TT/pen and paper D&D will still exist of course, as a sort of complementary thing to the main brand, that mostly older people play - y'know, people who are 16+ today. It'll probably reach it's "final form" in 6E or 6.5E or something, which will likely not be all that different from 5E. I doubt alignment will survive as anything but a meme-driving set of optional rules.

People will still be hopping mad about some change in 6E that didn't get fixed in 6.5E, and is now perceived as "permanent", like Dragonborn got deleted and replaced by Goliaths, but those Goliaths were clearly an attempt to tie into some fad, or Tieflings were all given wings, or Sorcerers were merged into Wizards, or Clerics got split into two classes, or whatever. People will just not stop being mad about it.
I don't see Hasbro giving it up unless they have some serious hard times ahead, but that presumes they can't make money off of any of their many brands.

I definitely could imagine Hasbro buying a video game company or vice versa, since they'd love to get into that industry, but that's how the merger would happen.
 

Voadam

Legend
I expect it to be level based.
I expect six stats.
I expect saves of some sort.
I expect it to have hp.
I expect it will be primarily d20 based for mechanics.
I expect slots in spells in some form.
I expect we will still have 3x3 alignment.
I expect it will be like past editions, never quite the same array of classes in the PH.
I expect death mechanics to be rejiggered somehow.
I expect healing to change somehow.
I expect the core MM monsters to be recognizable, but they will have some significantly different mechanics. I do not predict if these will be more complex or easier to run at the table.
I expect paladins to be significantly different.
 


Minigiant

Legend
Supporter
The "Christmas Tree effect" is where characters routinely fill every available equipable 'slot' with a magic item. It had its heyday in 4e.
To help those who don't realize, this was largely due to how 4e allowed players to destroy magic items the gm gives out to convert them into the perfect set of items the want. Back in 3.5 it was less of an issue because crafting that many slots or powerful items was just not possible for a pc& buying them from an npc went through the GM who could just say not available or not available as you hope.

Actually Christmas tree PCs was more a multi edition thing. 2e presented the idea of someone possibly being a Christmas Tree. 3e promoted the idea of a Christmas Tree being an ideal and gave players and DMs the tools to made them. And 4e codified it into the rules as a base part of the game. 5e just makes them not required and says it's just a style of play.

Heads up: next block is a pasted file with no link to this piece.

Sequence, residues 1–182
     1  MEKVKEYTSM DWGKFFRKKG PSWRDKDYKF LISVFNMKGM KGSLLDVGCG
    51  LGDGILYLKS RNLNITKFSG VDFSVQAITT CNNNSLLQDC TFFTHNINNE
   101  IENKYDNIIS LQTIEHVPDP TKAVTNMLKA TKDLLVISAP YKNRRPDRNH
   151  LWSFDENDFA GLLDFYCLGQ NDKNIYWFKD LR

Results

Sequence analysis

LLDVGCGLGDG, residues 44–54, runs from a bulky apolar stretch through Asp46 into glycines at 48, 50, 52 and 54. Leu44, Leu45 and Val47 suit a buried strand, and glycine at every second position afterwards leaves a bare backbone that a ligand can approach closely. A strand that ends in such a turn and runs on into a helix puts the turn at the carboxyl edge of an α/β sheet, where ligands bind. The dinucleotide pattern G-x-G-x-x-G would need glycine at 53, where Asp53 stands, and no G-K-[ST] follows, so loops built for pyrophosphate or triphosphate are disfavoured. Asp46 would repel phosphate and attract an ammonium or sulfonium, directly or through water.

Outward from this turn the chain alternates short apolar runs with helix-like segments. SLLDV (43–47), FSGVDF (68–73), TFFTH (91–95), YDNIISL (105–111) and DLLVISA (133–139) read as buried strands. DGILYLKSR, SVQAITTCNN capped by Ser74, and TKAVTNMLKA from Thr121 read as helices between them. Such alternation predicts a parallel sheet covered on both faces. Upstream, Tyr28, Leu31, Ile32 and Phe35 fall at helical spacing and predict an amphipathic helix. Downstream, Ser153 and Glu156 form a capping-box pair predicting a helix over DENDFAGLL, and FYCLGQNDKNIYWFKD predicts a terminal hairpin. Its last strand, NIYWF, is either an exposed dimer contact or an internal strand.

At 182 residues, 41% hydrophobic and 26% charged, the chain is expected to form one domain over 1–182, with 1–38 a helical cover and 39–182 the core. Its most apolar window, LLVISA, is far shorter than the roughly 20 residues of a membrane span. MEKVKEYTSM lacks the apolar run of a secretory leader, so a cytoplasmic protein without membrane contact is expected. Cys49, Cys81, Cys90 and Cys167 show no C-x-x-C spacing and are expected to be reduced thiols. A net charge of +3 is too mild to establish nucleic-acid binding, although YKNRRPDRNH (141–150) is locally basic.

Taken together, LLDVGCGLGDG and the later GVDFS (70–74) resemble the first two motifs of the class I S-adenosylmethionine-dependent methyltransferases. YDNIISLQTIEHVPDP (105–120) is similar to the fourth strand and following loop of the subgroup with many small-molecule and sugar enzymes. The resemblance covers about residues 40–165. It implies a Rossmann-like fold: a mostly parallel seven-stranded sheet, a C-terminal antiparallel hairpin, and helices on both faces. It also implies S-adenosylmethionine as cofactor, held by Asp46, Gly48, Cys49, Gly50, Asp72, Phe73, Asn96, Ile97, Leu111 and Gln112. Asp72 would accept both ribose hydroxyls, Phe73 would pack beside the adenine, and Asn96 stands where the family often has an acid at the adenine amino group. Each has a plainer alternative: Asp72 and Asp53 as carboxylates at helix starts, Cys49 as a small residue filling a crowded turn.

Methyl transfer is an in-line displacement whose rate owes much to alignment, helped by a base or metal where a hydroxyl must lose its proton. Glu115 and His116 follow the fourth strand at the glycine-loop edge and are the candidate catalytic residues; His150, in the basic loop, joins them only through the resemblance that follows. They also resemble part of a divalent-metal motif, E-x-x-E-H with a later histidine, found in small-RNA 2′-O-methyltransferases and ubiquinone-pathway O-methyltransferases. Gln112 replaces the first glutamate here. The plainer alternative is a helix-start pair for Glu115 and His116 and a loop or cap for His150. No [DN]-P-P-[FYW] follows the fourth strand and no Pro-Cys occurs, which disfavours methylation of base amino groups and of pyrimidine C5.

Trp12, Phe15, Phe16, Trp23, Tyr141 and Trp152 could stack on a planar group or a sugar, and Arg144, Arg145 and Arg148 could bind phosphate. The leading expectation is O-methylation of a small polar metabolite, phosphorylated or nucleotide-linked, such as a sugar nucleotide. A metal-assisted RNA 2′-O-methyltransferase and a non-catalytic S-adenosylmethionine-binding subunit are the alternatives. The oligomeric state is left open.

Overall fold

So by 7e, D&D will likely formally make and name "High Magic D&D" and have Christmas Trees be the base assumption in "High Magic D&D".
 

Yeah I tend to see the Christmas Tree as really a 3e thing. 4E formalised it a little more but it was really necessary in 3E. Pathfinder also laid out what a character was expected to have and it was worse then 4E in that respect.

The wishlists for players to give to GMs for magic items was new to 4E but that was really just a simplification of what was basically happenning in 3E anyway.
 

My predictions:

We will probably see the number of races and classes explode and then at some point condense in an inevitable process of action and reaction.

We will probably see something of the sort in regards to rules complexity as well.

The one thing I am certain about is that the things we now see as progress and as having fixed for good some of the mistakes of the past, will in time be seen as equally bad ideas in themselves as tastes change and that if someone from the future were to throw a copy of 8e on the table it would seem to be full of bizarre decisions and borderline unplayable.
 




Minigiant

Legend
Supporter
What will remain
Classes
Subclasses
Races
Subraces

What will change
Classes, Subclasses, Races, and Subraces will have official Gritty, Herioc, Mythic tags and be deisigned and balanced based on it.

Basically, there will still be a fighter. However the Slayer subclass would be the Gritty Fighter and have Expanded Cirtical hits. Herioc fighters will have access to the Battlemaster and Eldritch Knight subclass and have Action points, manuevers and spells. And the Mythic Fighter gets access to Psionic Warriors, Echo Knights, and Legendary Swordsmans and can teleport behind the dragon and slash him/her/them with bonus 5d12 thunder damage